Do not attempt to do this in CMYK or other color modes—the results are not nearly so predictable.
Be careful when using Levels corrections on unusual or heavily skewed histograms. If a tail is very long, crop only half at first. You can always go back and crop more. If changes seem extreme, they probably are, and you may be doing damage to the information in the image. Better to make more than one correction than to make one that is too strong and damages the image information.
Correct images with the flavor of the image in mind. If the image is in a light/bright setting, and preliminary corrections adjust the image darker, use the middle slider on the RGB composite Level to adjust the tone appropriately.
When in doubt, make the image lighter rather than darker—but don't go very far. A shift of more than 10 levels without certainty that you are making a positive correction is going too far. There is less of a chance of making an image too light (unless you are dealing with something very delicate, such as a soft, high-key image) than there is of making it too dark. Dark print will oversaturate and tends to get a little murky, and dark images are generally not as easy to view. Lighter/brighter images are generally easier to see.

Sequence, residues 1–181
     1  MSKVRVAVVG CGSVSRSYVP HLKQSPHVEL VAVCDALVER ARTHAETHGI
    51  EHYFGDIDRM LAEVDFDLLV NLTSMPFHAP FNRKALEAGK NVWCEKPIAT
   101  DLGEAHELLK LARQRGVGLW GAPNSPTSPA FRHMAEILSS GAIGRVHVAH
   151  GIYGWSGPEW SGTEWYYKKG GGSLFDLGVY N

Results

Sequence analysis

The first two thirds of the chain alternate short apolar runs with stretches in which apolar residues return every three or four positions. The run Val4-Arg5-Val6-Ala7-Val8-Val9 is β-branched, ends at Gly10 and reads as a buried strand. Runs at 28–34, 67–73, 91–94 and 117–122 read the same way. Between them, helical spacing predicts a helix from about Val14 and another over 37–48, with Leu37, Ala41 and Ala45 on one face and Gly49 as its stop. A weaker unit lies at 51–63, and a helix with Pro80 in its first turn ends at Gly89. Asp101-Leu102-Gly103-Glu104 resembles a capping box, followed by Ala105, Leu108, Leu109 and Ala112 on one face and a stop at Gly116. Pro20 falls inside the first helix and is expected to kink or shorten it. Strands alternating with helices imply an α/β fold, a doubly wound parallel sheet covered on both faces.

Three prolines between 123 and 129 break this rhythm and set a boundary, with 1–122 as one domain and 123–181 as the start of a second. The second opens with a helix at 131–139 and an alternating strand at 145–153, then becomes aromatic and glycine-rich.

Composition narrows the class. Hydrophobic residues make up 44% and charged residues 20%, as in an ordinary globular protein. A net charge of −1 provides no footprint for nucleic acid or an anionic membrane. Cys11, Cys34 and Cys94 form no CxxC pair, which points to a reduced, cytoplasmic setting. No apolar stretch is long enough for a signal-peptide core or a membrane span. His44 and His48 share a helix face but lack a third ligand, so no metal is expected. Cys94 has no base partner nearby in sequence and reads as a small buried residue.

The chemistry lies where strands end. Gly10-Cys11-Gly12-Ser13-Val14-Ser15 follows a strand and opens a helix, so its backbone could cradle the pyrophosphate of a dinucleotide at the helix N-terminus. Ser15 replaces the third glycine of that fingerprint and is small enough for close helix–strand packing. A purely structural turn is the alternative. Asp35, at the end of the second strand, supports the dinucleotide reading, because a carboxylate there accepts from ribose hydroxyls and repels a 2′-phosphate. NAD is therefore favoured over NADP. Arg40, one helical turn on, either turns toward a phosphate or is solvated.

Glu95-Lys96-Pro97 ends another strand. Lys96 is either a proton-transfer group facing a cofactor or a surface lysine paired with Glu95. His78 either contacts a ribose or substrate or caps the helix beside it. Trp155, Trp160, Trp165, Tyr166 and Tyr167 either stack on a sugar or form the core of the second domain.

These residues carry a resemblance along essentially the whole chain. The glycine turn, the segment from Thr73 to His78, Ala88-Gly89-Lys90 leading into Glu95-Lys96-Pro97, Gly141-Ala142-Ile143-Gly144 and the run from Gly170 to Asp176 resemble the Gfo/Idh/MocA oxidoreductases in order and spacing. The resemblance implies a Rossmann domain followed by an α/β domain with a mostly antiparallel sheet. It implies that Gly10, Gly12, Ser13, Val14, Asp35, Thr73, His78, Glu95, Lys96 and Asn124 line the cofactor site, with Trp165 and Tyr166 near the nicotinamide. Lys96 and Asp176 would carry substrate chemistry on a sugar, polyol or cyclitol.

If you have switched from a CMYK image to make RGB corrections, it is probable that color will remain CMYK-compatible after Levels corrections. It is good, however, to make sure before blindly shifting over to CMYK. Check your image using the CMYK Preview and/or Gamut Warning controls before converting.
If you remove highlight or shadow detail with corrections, you can actually paint that back in from the original image scan or from a snapshot using Histories, or use a copied layer and a blending technique (e.g. Blend If). For more control, you may want to use both: Paint the correction into a second layer, and use the Blend If layer function and layer opacity to control its appearance.